As a young student, I did okay at school. I regularly scored well on tests and the like and would come home with excellent reports.
Yet, a frequent refrain from my parents when I got 9 out of 10 on a test, or a Distinction rather than a High Distinction as a grade was “What did you get wrong or could have done better at?”
On the face of it, this seems like a fairly obvious question to ask (note, let’s overlook whether this is a good or useful question to ask or not another time.)
But an interaction I observed at summer camp turned all of this on its head.
In my first year as a cabin counsellor at a US summer camp, I was paired with an experienced co-counsellor, Jeff. The kids loved him and I liked him a lot. But my estimation of him soared soon after I observed him work with one of our campers to encourage him to make his bed.
Let’s call this camper Josh. He was having a bad day, and like most of us, Josh didn’t much like making his bed, especially while at camp. But it needed to get done, so at some point I overheard Jeff ask Josh, “Out of a score of 1 to 10, with 10 being really high, tell me how enthusiastic you are feeling right now about making your bed?”
Josh answered “3” which seems about right.
Now, following in the path of my parents if they were in control of this conversation, it would seem fair to follow up and ask Josh why he didn’t rate his enthusiasm higher to explore what was getting in his way.
But what Jeff did next stopped me in my tracks.
Jeff asked, “Tell me why you didn’t rate your enthusiasm a 1 or a 2?”
This was way counterintuitive. Jeff asked Josh why he didn’t go lower, implying that Josh did (in fact) possess a least a little bit of enthusiasm for the task at hand. That is to say, he must have a little enthusiasm for the task otherwise, he could have responded with a zero.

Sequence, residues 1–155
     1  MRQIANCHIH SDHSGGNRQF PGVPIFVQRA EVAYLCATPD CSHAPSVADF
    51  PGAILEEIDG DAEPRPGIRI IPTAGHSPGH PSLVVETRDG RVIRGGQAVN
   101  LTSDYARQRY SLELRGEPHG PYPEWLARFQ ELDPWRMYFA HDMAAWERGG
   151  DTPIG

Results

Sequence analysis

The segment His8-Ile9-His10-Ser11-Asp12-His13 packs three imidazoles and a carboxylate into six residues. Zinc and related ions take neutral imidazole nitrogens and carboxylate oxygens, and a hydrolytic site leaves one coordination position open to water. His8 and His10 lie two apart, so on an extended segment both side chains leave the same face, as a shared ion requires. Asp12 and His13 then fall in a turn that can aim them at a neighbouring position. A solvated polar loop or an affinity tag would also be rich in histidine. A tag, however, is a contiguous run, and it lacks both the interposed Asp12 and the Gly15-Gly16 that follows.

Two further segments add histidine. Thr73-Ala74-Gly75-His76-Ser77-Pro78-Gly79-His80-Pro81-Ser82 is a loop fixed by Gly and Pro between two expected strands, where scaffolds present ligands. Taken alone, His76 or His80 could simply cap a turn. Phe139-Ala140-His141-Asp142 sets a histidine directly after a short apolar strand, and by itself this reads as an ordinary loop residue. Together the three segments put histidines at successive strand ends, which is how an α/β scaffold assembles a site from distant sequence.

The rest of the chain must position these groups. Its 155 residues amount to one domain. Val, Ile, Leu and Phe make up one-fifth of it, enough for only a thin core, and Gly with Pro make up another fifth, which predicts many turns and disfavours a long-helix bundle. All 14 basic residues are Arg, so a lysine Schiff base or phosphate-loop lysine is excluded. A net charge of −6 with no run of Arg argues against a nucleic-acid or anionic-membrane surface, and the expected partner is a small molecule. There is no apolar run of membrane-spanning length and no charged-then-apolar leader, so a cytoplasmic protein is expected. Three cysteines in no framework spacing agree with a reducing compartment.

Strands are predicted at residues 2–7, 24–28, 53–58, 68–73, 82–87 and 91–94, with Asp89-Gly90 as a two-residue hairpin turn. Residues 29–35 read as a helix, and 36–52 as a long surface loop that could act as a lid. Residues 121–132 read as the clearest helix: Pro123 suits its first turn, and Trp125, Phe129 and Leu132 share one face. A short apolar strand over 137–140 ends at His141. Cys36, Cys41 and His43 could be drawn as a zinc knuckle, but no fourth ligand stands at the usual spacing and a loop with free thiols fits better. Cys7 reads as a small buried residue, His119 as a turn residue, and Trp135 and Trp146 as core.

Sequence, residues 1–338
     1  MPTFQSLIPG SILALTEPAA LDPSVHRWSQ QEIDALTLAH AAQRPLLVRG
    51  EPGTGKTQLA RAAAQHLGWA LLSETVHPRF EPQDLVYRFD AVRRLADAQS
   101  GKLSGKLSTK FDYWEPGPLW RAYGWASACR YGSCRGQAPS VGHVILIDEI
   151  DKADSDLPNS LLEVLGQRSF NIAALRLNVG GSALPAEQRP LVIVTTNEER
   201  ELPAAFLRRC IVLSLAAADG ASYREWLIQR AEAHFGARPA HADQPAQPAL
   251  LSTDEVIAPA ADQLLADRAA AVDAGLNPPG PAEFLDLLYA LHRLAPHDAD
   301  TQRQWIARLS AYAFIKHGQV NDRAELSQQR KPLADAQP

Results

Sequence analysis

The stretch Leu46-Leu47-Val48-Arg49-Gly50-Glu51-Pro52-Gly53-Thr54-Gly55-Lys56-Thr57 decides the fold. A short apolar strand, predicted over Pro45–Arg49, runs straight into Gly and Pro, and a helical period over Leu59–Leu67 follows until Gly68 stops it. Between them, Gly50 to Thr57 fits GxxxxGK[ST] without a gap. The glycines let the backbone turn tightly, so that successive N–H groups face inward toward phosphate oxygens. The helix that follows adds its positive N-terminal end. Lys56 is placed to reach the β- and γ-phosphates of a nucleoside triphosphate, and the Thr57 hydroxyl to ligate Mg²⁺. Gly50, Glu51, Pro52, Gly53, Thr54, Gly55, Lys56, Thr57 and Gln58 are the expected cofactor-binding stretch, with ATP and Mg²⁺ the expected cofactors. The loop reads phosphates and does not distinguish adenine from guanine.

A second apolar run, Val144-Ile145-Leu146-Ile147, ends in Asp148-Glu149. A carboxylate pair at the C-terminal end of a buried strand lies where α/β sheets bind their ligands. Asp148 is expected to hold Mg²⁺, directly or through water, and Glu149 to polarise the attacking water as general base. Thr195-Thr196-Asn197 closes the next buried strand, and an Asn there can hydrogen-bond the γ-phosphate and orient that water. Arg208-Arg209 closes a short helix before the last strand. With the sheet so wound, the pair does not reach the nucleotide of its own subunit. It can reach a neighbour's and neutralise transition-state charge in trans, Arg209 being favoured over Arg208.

Having discovered a glimmer of enthusiasm, Jeff was able to work with Josh to find a path forward by focusing on what he liked about the task (eg pulling the sheets tight) rather than the parts he did not like. A few minutes later, the bed was made.
I have employed this counterintuitive strategy ever since, attracting much success. I think it works because people do not expect it. They just expect to be asked why didn’t they rate it higher, so when they are asked to focus on the alternative, you can visibly see a refreshing path of exploration and reflection on the person’s face.
As they say, often the simplest strategies are the best. It is certainly true in this case, but I think the most powerful lesson baked into Jeff’s interaction with Josh was his counterintuitive approach to the conversation.
I think this is a beautiful example of the principle that when we focus on building our strengths, even our weaknesses become stronger. All ships rise on a rising tide. Besides, the reality is, that no matter how much energy and time we may devote to building up our weaknesses, they are highly unlikely ever to become a strength.
Thanks, Jeff, I hope you’re doing well 🙂